How Much Firewood Should You Bring Camping? (2022)

Two logs on a fire with a car in the background.
Table of Contents

    Campfires are a central element of camping. They tie the campsite together, providing warmth, light, and heat for cooking. In many ways, the campfire is the backcountry equivalent of a dining room table. If you run out of fuel for your fire, you lose out on all this. Determining how much firewood to bring depends on what kind of camping trip you’re going to have. Transporting the firewood may not be worth the hassle if you can gather wood at the campsite, for example. Read through this guide to discover how to factor in the particulars of a camping trip to decide how much firewood you should gather to make sure you can stay warm for the whole trip. 

    A person holding wooden planks in a forest.

    Transportation is the biggest difficulty when it comes to firewood.

    Camping Firewood Checklist

    There are many considerations to make when determining the amount of firewood you need for a camping trip. Run through this checklist to make sure you’ve taken everything into account.

    Do You Need To Bring Firewood?

    It might seem like an obvious point, but some campsites sell firewood or have vendors in the surrounding area. Look for a cord of wood near gas stations on your way to the campsite. Some well-known places to camp, such as KOAs, sell firewood on site.  Cords of wood are the large stacks that are typically covered with a tarp to stay dry. Firewood retailers usually have a larger business like bait and fishing supplies. There are occasionally local people who sit with a truckload of firewood to sell to campers visiting the area.

    Are You Allowed To Bring Firewood?

    Many places across North America forbid or strongly suggest against the transportation of firewood because pests like the Asian longhorn beetle or the emerald ash borer can be carried inside firewood and spread around to new locations.  Locally sourced firewood can avoid this unintended consequence, as can certified pest-free wood. Check the local regulations to make sure you aren’t breaking any rules by transporting your own firewood to your campsite.

    Can You Find Firewood?

    Gathering kindling and firewood at the campsite will save lots of effort transporting wood. It will prevent inadvertently introducing new pests to the area and basically guarantee that you won’t run out of fuel. Some camping locations, especially the popular ones, forbid gathering firewood to preserve the natural environment. National parks and places with unique ecosystems are the most common places that limit or ban firewood gathering.

    What Will the Weather Be Like?

    If you’re going camping in the autumn or winter, you’re going to burn through a larger amount of wood. Also, think about the moisture content of the wood. If it has rained or snowed recently, finding dry wood will be much more difficult. Even if buying firewood is a possibility, they may not have covered their woodpile adequately. In either of these situations, you’ll need to keep a fire going through most of the day as well as at night. Make sure you can find plenty of dry wood and bring manufactured kindling. Buying seasoned wood ensures that you’ll have dry fuel.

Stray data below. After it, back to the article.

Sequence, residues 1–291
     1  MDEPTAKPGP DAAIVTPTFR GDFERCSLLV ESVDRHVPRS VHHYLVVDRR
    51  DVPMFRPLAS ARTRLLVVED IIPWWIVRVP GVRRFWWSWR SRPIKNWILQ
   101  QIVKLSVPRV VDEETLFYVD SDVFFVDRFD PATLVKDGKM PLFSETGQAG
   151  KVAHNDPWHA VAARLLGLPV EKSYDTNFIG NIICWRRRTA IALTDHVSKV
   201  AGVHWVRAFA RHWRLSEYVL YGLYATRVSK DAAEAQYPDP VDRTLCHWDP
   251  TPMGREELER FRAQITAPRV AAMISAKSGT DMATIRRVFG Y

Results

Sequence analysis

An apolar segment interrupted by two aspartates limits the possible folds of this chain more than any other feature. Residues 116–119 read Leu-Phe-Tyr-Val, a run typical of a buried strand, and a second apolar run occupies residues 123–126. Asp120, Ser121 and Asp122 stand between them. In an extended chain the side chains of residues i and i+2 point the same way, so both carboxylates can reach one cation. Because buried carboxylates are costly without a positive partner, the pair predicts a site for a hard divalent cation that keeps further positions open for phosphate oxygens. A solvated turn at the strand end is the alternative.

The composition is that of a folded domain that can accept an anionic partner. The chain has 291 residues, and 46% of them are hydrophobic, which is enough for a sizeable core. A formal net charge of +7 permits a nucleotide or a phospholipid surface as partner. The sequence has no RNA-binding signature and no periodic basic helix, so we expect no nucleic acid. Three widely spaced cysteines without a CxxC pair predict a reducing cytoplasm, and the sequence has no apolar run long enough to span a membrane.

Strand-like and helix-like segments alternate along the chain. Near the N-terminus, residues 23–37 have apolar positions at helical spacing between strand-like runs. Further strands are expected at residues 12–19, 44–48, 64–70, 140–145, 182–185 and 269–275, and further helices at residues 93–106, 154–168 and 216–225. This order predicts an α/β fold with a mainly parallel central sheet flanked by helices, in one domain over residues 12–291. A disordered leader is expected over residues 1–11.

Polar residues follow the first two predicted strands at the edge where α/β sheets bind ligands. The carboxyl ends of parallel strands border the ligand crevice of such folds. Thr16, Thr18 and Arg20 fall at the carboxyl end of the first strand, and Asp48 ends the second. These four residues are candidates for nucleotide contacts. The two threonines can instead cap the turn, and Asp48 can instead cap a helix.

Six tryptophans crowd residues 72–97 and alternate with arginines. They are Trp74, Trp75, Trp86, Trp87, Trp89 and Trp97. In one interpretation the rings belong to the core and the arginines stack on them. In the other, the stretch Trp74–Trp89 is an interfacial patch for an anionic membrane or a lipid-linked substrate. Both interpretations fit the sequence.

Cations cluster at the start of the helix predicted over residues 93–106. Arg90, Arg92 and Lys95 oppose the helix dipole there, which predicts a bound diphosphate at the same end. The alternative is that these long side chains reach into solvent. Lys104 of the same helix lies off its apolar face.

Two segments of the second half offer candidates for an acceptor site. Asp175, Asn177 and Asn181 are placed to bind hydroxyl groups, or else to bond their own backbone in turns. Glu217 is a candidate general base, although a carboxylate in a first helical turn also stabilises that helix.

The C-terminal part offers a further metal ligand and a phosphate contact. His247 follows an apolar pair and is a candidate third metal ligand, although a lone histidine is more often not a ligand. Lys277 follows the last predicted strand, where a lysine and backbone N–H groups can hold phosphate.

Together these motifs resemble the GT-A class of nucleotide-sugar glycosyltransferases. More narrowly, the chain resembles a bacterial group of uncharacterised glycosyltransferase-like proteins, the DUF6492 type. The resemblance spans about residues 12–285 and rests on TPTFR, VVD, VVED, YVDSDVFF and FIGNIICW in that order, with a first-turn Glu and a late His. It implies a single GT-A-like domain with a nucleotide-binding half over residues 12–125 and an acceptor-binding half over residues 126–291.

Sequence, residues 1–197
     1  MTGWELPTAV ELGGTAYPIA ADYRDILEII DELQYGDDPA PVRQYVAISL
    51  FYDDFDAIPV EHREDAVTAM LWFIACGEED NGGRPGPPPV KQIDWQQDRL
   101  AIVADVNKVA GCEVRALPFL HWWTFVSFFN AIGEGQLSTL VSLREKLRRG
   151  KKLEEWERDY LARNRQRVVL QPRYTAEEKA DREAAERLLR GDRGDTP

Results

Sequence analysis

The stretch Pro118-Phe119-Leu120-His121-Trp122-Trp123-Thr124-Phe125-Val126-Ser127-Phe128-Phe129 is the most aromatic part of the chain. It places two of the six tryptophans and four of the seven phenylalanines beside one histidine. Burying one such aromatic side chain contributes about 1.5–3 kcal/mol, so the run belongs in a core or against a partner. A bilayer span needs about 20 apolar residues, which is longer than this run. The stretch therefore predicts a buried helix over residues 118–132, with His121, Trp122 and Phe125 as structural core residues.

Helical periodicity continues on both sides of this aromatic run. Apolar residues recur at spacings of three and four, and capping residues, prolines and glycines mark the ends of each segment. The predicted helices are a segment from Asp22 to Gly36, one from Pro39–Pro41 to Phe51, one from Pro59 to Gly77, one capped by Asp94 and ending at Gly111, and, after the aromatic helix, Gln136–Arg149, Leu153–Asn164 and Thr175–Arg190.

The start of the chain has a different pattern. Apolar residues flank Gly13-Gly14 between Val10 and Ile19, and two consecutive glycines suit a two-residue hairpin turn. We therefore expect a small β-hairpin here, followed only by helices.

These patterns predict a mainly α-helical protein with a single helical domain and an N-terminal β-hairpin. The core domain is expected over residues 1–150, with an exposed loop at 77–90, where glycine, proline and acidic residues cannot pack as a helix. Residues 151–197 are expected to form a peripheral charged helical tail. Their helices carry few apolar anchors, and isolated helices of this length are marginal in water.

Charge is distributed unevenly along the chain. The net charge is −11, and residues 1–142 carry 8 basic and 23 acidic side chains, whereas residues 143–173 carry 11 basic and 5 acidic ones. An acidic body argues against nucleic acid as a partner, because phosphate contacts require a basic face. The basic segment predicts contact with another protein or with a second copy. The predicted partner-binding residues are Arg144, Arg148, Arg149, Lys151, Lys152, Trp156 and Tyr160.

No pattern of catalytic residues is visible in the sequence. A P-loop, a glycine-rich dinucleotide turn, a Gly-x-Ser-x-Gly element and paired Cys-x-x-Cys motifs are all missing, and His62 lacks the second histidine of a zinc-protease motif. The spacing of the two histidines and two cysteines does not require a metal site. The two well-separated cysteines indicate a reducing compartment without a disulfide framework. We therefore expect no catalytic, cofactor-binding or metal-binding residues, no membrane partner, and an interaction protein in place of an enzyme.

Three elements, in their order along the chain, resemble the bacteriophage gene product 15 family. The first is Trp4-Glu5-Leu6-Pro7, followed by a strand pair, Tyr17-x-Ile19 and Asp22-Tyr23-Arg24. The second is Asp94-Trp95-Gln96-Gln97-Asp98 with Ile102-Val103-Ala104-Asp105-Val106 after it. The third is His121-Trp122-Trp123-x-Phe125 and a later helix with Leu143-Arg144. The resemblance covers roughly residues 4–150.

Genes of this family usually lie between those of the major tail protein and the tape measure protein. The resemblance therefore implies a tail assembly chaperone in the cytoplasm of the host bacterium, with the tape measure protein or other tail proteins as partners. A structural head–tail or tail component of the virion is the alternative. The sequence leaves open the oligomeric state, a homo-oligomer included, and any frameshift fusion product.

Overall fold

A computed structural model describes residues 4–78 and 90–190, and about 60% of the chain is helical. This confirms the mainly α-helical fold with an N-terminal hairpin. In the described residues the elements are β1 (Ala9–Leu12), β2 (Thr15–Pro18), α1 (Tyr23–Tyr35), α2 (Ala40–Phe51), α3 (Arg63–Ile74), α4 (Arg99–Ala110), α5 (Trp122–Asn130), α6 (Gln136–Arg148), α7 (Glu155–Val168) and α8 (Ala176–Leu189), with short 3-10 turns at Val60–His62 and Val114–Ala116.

Will You Cook Over the Fire?

    Cooking hot meals over the campfire or a wood-burning stove is one of the best parts of camping. Collecting enough of the right type of firewood is imperative to get enough heat to cook food. Plus, you’ll probably be burning more wood if you have a significant amount of food to cook. If you’re camping during a cold winter, you’ll likely be drinking more coffee, tea, and other hot drinks to warm yourself. That means you’ll need more firewood. It’s unlikely you’ll need a whole additional cord of wood, but a few extra logs will likely be needed. 

    How Fast Does Firewood Burn?

    Larger bonfires release more heat and burn faster. Smaller fires build heat the longer they burn, so a log might not last as long in an older fire as it would when the fire is just beginning. Unfortunately, it’s impossible to say exactly how long a log will last in a fire. If you were to keep a healthy fire going for an hour, you would probably have to add a couple of logs to the fire. Dry logs or wood that has been hollowed out by insects has less mass to burn and will turn to ash faster. Certain types of wood also burn faster than others. 

    A group of people sitting in front of fire.

    If your campfire isn’t your primary heat source, you don’t need as much wood.

    Firewood Guide: Which Tree Makes the Best Firewood?

    Wood is divided into two camps: hardwood and softwood. These names have more to do with how the tree species behave and less to do with the hardness of the wood. Hardwoods generally have more density than softwoods and therefore burn longer. Oak, birch, and ash are three of the most popular hardwoods. Larch, pine, and cedar are common softwoods that burn well in a fire.